-was determined to control every aspect of State affairs and used her advisors for
consultations only —> quickly denies Panin’s proposal and appoints him with dealing with
Foreign Affairs (in a sense, exiling him to foreign affairs and domestic affairs would be
Catherine’s concern)
-She revives the old form of the Senate and she increases the number of senators and divides up
their tasks very specifically —> she like Peter before her, wrote them nasty letters if she felt
that they weren’t doing their jobs and government officials did fear of her
-The first thing Catherine does (inspired by Montesquieu’s Spirit of the Laws - her bible) was an
enormous project - the rationalization and reorganization of all Russia’s Laws
-The laws had been the same since Peter I’s reign - since 1649, all the laws passed by previous
tsars had just been complied into one large text
-Since 1649, thousands of laws have been passed
-The Great Instruction (Nakaz) was a statement of legal principles written by Catherine II of
Russia, and permeated with the ideas of the French Enlightenment (was to be a guide to the
codification of Russian law)
-contained 22 chapters in its final version - legal principles, that historians say were copies
from Montesquieu’s text
-Was an enlightened work - declares that all citizens in Russia were equal before the law, that
punishments for violations of the law should always fit the crime, that men are innocent until
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proven guilty, that torture and capital punishment should be abolished except in the most
extreme circumstances, that should be religious toleration, that laws should be clear and
consist so that they are understandable to the people, and that citizens should become
educated in the law
-This text was written for a Russian audience so that they could start a new legal culture in
Russia, but also written for a wider European context -
-She wanted to become a part of the Enlightened Republic of Letters - Frederick II of
Prussia praised it as being worthy of a great man
-Within the Instruction, Catherine declares that Russia is a European state - she gives her
reasons: Peter I introduced the manner and customs of Europe to the Russians, etc.
-The second point about Russia is that The Sovereign is absolute —> Russia is way too big to
be anything, ruled by anything, but a single all powerful ruler
-Its Enlightened in a number of ways, but certainly in a way that Catherine leaves enough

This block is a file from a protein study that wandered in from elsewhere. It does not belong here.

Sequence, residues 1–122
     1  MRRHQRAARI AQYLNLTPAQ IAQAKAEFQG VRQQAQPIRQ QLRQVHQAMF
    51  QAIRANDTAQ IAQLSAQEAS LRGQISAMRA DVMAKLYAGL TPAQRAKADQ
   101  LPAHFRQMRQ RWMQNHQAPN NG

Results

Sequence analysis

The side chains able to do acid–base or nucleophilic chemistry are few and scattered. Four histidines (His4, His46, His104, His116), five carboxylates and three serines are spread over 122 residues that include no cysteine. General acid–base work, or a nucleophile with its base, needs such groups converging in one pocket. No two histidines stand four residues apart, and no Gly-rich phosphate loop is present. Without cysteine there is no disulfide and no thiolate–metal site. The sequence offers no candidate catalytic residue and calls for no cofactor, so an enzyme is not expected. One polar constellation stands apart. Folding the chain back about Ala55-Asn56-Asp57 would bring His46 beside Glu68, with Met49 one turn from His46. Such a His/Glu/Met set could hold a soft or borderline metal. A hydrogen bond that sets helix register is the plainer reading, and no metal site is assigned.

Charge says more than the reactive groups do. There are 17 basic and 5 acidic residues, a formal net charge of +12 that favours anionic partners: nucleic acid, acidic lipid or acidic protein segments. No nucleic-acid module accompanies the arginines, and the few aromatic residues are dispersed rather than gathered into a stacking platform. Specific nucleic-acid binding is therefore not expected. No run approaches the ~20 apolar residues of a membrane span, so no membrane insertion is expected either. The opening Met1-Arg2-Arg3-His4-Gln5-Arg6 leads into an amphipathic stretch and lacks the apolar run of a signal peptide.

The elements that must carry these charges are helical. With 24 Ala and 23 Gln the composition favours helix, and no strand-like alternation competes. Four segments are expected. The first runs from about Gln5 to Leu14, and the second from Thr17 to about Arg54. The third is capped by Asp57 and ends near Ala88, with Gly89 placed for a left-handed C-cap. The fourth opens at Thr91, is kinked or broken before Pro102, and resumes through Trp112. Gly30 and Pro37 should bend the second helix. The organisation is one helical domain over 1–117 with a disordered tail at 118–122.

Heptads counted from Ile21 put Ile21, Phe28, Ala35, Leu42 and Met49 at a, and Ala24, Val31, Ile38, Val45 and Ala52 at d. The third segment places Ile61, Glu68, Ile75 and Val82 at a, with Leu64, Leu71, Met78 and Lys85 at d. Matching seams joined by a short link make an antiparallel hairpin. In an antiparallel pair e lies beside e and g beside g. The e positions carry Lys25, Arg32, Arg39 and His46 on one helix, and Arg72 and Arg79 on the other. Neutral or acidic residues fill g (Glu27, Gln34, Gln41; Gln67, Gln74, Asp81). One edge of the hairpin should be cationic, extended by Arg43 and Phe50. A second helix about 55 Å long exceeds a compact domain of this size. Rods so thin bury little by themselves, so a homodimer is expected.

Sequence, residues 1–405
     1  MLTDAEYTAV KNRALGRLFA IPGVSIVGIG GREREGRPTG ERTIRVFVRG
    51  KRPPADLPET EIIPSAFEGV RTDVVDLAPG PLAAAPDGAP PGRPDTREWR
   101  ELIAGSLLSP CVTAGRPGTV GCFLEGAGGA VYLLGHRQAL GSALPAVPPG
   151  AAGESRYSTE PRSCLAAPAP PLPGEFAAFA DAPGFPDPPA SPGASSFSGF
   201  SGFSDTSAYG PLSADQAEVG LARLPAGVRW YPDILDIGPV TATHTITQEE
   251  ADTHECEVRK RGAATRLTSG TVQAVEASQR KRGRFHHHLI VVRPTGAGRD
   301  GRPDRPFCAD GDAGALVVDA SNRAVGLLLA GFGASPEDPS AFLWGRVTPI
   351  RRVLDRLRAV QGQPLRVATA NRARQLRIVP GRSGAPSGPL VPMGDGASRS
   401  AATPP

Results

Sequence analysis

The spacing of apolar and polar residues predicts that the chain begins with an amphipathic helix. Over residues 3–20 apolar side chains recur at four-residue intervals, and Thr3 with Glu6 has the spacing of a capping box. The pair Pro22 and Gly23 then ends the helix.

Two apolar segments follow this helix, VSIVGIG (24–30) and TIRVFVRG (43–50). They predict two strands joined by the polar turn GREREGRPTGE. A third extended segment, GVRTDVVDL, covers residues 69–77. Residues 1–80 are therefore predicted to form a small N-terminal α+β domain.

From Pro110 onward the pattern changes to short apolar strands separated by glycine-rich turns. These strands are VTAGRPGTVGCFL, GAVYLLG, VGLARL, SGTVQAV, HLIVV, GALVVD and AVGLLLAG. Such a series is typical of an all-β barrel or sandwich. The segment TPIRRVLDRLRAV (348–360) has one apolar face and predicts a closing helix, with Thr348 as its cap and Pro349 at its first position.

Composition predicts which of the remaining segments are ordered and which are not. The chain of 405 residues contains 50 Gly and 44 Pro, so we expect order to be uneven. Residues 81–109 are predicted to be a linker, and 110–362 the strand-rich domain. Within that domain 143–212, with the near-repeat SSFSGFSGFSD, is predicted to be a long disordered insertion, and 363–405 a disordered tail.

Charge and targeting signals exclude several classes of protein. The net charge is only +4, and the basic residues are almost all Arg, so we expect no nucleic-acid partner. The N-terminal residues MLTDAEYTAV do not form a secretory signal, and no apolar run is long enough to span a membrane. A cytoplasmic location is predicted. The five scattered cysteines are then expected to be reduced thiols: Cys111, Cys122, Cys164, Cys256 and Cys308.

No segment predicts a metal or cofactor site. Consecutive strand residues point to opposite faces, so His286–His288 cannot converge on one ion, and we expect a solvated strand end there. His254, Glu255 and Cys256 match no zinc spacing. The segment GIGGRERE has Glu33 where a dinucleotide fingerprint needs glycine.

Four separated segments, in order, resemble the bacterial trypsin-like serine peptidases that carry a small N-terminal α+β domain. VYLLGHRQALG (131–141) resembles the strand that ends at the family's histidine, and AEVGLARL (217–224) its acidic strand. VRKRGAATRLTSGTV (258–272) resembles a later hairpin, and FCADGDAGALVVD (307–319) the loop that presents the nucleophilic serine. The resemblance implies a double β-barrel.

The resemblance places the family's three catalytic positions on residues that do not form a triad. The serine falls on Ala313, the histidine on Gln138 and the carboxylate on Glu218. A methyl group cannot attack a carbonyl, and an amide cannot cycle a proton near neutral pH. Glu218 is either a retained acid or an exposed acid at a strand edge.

room within the Instruction that she is still the all powerful one within the State
-This was seen as a text that shock up Europe —> especially the enlightened thinkers of Europe,
they were quiet please with these ideas coming out of what seemed to be a wild country
-This Instruction was the introduction to Legislative Commission
-Here all free Russians, excluding serfs, would come to Moscow to discuss the codification of
Russian Laws —> this breaks all traditional president in Russia
-Each deputy represented their class (one for the nobility, one for the townspeople, one for the
free peasants, one for the non-christian populations) and these deputies would discuss the
codification of Russian law
-Catherine asked all the deputies to bring with them, petitions from the section of society that
they wanted Russian law to take into account or their worries —> hundreds of petitions were
brought to Moscow
-The Legislative Commission was more of a performance than an actual, partial, institution —>
many obstacles were faced: some people were illiterate or uneducated in politics, some of the
peasants had to leave to tend to their crops, debates were endless, too many petitions to
presented and hard to keep up with the demands, the nobility made sure that nothing in the
Legislative Commission would interfere with their privileges, etc. —> This commission was
disbanded in 1768
-Important after effects occurred because of this: codification of Russian law and reforming
the legal system became something monarchs would revisit time and again, it was seen to
make Russian law rational and work appropriately
B. Legal Reforms
-There were many reasons to reform the legal system - efficiency of government was a
concern of hers
-There was an event that inspired her to do Legal Reforms and that was the Pugachev revolt
-Emelian Pugachev - born in the area now known as the Ukraine, known as borderland
people, and declared that he was Peter III (who had escaped prison and was ready to come
back and take back his throne from Catherine) and was able to gain many followers
-In October 1773, Pugachev and his followers attacked the Russian territory and cities -
would destroy government buildings and noble estates